Sunday, 26 April 2015

Assassins Kill Their Parents

I am not a big Superman fan.  Don’t me wrong, I don’t hate him and I will happily watch him in animation or a film, but I am not heavily invested in the character.  I do have a friend who is and he was outraged by the ending of the film Man of Steel where Superman kills Zod to prevent him from killing a group of cornered bystanders.  What made my friend angry was that the writers put Superman in a position where he had to choose between killing Zod and saving the innocents.

When we consume media, it is easy to get caught up in the story and forget that there is a storyteller making these characters say what they say and do as they do.  All stories are contrived.  A good storyteller makes us forget that he is there pulling everyone’s strings.  A good critic asks us to see the storyteller and ask what he is telling us beneath all the distractions of character, setting, and plot.

What the storytellers of Man of Steel seem to be saying is that under the right set of circumstances even the best people will do something terrible.  Superman fans will accept that message from just about any character except Superman, who is meant to be an ideal.

A question that bothered me for years, the kind of question you find yourself pondering now and again while alone, is why the storytellers involved in the Assassin’s Creed series made it so that most of the Assassins killed either their parents or a parental figure.  What is it with killing their parents all the time?

Altair kills Al Mualim, a father figure.  Ezio gets a pass on this one; however in his trilogy we see the animosity between Desmond and his father.  Connor kills his father.  Aveline kills her step-mother and contributes to the events leading her mentor to kill himself.  Edward, Adewale and Arno all get passes as well, however there are family issues with Edward, who is disowned by his  parents for becoming a pirate, and Arno, like Ezio, has the murdered father issues times two as he lost both his father and his foster father to murder.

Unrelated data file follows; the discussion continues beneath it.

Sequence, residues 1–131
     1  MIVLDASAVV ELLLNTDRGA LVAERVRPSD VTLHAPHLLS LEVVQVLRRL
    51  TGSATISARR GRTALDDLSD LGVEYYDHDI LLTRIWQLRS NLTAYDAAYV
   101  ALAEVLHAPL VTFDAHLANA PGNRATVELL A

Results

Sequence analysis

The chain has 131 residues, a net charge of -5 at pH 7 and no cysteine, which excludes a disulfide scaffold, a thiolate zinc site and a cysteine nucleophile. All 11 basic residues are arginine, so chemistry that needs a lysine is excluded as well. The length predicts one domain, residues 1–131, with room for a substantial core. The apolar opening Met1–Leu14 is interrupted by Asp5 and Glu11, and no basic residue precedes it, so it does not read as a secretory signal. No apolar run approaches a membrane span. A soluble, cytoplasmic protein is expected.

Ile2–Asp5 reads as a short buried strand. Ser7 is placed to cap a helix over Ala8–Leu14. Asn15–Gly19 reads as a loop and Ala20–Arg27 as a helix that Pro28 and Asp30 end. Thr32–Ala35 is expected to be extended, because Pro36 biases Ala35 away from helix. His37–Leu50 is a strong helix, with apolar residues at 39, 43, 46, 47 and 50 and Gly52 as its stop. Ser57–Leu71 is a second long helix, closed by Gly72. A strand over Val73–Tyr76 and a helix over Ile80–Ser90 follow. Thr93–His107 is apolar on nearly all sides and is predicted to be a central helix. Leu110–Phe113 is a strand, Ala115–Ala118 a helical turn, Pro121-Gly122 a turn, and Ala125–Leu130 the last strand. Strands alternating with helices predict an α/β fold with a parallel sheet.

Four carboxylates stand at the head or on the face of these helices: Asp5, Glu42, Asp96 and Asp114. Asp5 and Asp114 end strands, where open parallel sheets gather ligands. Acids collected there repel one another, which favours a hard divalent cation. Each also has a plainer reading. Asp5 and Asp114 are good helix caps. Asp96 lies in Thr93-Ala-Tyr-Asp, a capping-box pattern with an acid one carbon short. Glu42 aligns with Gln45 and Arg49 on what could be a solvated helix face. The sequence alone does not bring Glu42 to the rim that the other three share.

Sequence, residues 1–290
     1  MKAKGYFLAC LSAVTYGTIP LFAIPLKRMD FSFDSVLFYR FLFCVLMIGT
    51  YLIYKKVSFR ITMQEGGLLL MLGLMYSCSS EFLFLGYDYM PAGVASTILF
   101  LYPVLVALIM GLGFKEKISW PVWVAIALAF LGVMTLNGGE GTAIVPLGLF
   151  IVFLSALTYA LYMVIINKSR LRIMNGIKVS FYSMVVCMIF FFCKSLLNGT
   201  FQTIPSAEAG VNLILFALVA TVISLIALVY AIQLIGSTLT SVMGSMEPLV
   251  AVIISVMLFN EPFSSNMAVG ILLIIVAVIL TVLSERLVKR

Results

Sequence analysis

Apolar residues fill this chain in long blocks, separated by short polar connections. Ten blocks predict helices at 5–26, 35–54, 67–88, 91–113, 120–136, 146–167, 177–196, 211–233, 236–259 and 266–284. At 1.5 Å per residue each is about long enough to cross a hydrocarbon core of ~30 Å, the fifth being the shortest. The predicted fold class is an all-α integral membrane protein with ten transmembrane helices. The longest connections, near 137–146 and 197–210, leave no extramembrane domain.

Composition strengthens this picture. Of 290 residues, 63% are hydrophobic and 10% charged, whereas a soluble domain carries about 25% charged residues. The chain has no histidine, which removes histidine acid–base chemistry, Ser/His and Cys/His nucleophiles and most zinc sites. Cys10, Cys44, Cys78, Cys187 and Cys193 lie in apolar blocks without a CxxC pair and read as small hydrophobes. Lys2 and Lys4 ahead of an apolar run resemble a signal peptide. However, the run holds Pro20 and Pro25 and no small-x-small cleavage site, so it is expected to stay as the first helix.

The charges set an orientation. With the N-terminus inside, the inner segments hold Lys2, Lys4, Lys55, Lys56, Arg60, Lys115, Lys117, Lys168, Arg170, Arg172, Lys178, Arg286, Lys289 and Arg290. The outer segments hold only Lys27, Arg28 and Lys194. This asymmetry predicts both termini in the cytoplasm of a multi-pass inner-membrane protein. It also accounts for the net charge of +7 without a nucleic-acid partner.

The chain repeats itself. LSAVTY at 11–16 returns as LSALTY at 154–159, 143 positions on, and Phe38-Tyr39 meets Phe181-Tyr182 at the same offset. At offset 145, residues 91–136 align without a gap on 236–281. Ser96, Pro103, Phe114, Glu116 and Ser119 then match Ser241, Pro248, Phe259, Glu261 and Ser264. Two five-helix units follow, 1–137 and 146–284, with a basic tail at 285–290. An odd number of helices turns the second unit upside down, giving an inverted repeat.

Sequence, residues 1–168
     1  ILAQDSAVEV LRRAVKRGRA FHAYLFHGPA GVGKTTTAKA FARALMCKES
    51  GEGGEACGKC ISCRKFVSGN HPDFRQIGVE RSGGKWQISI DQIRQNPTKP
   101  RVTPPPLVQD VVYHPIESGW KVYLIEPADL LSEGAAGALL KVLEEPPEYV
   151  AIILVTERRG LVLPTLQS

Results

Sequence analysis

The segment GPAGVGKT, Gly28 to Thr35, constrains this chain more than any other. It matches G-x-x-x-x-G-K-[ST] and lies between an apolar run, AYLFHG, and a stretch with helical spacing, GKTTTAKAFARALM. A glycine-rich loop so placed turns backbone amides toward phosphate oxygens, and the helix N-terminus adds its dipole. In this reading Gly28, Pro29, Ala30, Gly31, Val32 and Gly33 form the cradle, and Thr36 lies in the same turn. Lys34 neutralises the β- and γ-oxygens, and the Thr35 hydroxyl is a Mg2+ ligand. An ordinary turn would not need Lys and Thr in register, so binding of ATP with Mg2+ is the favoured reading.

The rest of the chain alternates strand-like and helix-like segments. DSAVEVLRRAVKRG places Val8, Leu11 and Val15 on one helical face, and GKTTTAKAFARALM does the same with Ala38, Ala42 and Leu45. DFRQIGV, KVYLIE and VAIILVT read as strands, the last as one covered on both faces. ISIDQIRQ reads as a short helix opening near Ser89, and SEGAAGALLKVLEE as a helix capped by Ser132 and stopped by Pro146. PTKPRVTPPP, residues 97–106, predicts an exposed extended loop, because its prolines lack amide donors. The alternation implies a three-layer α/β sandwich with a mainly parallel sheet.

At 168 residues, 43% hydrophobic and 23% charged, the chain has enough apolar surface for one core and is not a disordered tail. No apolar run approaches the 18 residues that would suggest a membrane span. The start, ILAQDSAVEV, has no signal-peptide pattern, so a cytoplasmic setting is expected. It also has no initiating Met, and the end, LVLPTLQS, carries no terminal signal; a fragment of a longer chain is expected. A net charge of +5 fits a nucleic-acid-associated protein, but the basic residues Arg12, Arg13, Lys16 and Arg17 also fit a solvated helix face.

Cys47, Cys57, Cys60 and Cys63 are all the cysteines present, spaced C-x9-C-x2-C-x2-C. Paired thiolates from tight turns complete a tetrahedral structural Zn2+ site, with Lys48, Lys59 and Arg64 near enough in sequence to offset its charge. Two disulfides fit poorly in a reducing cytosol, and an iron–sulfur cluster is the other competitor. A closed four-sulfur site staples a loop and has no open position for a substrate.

My first thought was that this was some kind of Freudian thing where a boy does not become a man until he kills his father or his father dies.  This may be the case, but it seems too obvious an answer.  It is also very likely that the storytellers were just telling a story and the parent/child conflict just makes for a good story.   They may not have even noticed the recurring theme of patricide in Assassin’s Creed.  

The solution that I arrived at is quite simple.  You must kill your parents.  No, not literally.  The parents are symbolic of the invisible prison in which you live your life and no one can be truly free until they destroy that prison.  This prison fashioned by your parents is what I often call “the program” and sometimes “the matrix”.

Ever wonder how the snake got into the Garden of Eden?  I think that God put him there.  He gave mankind free will but nothing to choose between.  So what’s the point?  The snake provided Adam and Eve with an option that they had never considered and therefore an opportunity to exercise their free will.  In the end, they chose Enlightenment over God and as a curse were forced to accept adult responsibilities.